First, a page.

Inspiration is a wonderful gift, often inspired by the most unlikely adventures. I so happened on one of those adventures yesterday morning as I drove to work. A hot air balloon had taken residence on the horizon, not an uncommon occurrence during my morning drive. It was further to the south than it had been recently, and I seemed to drive right towards it. As I watched it meander over town, I also took in the super-moon, still glowing behind the morning haze and was struck with a photo idea (I am also a photographer, if you didn’t know). How cool would it be to be able to capture the moon behind the hot air balloon? The moon is hard to photograph because it often lacks perspective. Throw a hot air balloon into the mix and bam! Perspective.
As I was driving down Main Street in an area where I couldn’t really pull over, I turned off and began chasing the hot air balloon, hoping for an angle from a side street where I could capture both balloon and moon. The path I followed led me steadily closer to work, and as I tried to calculate where the balloon might be heading, I parked at a park off of a side street. I couldn’t see the moon, but one would serve nicely as a new banner on Facebook.
Not entirely satisfied with the pictures, I kept driving, calculating, and driving. A few blocks away I knew of an entrance to a walking trail that weaves through the old residential part of town. I wouldn’t have to go far down the trail to come to a clearing where I might be able to see the balloon and moon without obstruction.
I had found the trail a year or so ago and have been fascinated with the location ever since. It makes me think of some hidden grove I might find next to a castle in Europe: old, twisting trees that reach out to shelter the trail, a babbling creek, aspen grove, tall grass and even golden field (minus the utilities plant it butts up against, of course).
I have been down the trail a few times and while always in awe over its beauty, nothing ever popped into my head that was story related. For some reason, yesterday as I chased down a hot air balloon, it happened.
After I determined that the chase had been futile – the sun and moon had almost lined up and the moon was mostly lost behind the clouds and sun-fire – I took my time walking back to the car, taking in the trees around me.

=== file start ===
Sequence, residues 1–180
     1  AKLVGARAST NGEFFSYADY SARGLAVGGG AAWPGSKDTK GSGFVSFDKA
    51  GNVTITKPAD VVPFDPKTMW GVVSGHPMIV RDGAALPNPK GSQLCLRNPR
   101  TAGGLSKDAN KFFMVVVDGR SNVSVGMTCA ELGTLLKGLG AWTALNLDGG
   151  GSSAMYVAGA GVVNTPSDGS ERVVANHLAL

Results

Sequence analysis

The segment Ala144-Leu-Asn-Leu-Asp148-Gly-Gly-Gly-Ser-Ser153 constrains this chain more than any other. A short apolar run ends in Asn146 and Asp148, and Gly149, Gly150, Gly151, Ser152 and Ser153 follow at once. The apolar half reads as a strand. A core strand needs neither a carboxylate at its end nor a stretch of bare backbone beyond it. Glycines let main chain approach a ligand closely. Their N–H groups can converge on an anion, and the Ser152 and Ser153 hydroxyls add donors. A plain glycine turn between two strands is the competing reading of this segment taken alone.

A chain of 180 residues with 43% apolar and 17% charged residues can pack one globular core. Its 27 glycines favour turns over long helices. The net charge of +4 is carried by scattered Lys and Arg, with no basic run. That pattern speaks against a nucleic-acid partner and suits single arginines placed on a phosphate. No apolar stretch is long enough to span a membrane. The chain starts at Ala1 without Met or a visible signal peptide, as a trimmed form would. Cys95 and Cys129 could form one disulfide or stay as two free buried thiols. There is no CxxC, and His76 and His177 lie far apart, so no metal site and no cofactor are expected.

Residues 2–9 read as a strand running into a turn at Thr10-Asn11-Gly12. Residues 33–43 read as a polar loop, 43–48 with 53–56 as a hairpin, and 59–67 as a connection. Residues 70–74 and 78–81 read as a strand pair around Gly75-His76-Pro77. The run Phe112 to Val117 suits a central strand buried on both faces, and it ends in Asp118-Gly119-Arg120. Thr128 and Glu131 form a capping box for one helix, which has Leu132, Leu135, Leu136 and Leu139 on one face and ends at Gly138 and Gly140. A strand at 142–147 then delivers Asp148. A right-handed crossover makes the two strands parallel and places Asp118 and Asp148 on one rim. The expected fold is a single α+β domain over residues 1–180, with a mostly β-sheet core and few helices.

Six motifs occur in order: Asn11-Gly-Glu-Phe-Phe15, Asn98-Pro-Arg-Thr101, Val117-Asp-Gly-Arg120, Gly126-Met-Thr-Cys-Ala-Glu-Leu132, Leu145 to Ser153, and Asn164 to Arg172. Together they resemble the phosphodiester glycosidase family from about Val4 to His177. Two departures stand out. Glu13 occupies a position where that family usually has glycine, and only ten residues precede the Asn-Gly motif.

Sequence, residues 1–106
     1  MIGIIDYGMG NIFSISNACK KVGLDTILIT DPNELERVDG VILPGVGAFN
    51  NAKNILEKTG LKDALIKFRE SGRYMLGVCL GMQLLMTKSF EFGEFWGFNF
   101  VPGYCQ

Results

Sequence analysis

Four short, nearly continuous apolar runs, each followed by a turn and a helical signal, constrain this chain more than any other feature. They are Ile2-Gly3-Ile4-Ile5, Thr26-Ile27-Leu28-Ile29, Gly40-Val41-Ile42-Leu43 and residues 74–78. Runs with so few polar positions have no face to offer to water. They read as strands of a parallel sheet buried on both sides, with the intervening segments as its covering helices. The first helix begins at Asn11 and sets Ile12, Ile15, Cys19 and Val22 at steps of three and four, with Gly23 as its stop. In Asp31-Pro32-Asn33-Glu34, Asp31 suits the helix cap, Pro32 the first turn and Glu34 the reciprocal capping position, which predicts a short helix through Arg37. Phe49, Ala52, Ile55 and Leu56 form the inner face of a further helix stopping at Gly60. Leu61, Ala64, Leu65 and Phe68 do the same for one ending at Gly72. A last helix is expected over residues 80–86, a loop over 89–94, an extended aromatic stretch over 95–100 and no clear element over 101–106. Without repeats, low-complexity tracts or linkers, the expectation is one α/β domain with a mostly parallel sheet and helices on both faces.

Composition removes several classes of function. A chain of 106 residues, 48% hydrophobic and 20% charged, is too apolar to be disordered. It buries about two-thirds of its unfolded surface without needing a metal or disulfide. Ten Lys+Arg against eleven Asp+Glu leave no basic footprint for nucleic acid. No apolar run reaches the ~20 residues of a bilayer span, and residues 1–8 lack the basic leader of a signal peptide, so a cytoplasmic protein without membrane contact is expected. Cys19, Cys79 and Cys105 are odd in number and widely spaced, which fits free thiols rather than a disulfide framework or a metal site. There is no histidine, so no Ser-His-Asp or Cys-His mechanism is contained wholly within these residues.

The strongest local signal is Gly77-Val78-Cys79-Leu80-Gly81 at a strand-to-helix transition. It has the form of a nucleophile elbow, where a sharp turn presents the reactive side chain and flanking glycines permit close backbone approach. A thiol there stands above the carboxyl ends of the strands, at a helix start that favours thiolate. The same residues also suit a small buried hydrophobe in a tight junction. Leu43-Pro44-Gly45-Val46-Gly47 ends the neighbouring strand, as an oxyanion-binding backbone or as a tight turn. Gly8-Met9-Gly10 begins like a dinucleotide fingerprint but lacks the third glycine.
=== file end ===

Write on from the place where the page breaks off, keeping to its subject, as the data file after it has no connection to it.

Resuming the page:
Almost immediately I remembered a scene I wrote a couple months ago in Better to Pretend: Cory leads Jenna down a shaded path to a clearing – a hidden oasis in the horrible town that is Elbin.
I couldn’t tell how long we walked. It felt like forever, but it always does when you are going somewhere new and exciting. I just about asked him how much further when the trees broke, revealing a shimmering pond ringed by cattails and tall water grass. On the far side was a gigantic tree with sweeping limbs and dangling branches that dusted the ground with the slight breeze. It looked like something out of a fantasy novel, the whole place almost glowing in the moonlight.
“You should see it in the winter,” Cory said, and I could tell he was watching me.
“The big tree over there looks like the Womping Willow with all its leaves gone, like in the scene where Harry and Ron crash the car. I assume you’ve seen the movies, anyway.”
As I took in the trees around me, I realized I had stepped into my own little oasis, and while the trees don’t look exactly like the womping willow, they certainly serve the purpose of illustrating what I see in my head. I could picture where the rope swing would hang, where the bench might sit… I was almost like walking into a scene from my novel. Can’t get better than that.
And who wouldn’t want to take a walk down this trail?
All I had was my phone, so I don’t feel like the pictures really do the place justice. But, I will definitely be going back, next time with notebook in hand. Somehow writing about characters in a place where I could see them hanging out feels like an important thing to do.